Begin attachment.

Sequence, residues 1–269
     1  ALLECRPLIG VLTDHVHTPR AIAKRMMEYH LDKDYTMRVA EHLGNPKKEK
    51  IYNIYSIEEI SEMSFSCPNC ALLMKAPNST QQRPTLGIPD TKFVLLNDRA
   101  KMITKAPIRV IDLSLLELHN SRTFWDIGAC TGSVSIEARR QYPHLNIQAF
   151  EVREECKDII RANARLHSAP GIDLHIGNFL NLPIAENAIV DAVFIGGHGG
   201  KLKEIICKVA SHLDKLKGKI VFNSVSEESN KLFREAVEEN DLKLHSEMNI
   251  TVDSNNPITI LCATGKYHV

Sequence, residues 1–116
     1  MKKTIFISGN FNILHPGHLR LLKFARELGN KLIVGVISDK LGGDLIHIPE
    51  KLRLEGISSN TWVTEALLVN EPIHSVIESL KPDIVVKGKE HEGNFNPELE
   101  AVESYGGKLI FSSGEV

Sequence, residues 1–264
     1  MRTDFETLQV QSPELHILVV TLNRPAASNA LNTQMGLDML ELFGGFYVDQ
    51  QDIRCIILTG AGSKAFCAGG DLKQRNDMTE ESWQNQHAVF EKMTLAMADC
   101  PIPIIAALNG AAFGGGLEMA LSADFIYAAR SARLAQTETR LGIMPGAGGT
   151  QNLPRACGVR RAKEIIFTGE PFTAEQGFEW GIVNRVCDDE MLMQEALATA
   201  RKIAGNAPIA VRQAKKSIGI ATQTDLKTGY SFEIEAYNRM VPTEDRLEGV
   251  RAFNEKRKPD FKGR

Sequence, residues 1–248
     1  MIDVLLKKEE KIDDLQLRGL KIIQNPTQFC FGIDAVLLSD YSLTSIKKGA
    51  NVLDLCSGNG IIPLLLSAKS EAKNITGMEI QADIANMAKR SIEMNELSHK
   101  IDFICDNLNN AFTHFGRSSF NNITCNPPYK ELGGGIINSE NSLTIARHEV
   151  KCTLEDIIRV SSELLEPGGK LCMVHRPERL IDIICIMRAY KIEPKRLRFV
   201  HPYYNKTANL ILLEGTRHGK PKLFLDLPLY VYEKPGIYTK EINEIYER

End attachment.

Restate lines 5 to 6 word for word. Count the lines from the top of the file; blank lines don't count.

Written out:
   151  EVREECKDII RANARLHSAP GIDLHIGNFL NLPIAENAIV DAVFIGGHGG
   201  KLKEIICKVA SHLDKLKGKI VFNSVSEESN KLFREAVEEN DLKLHSEMNI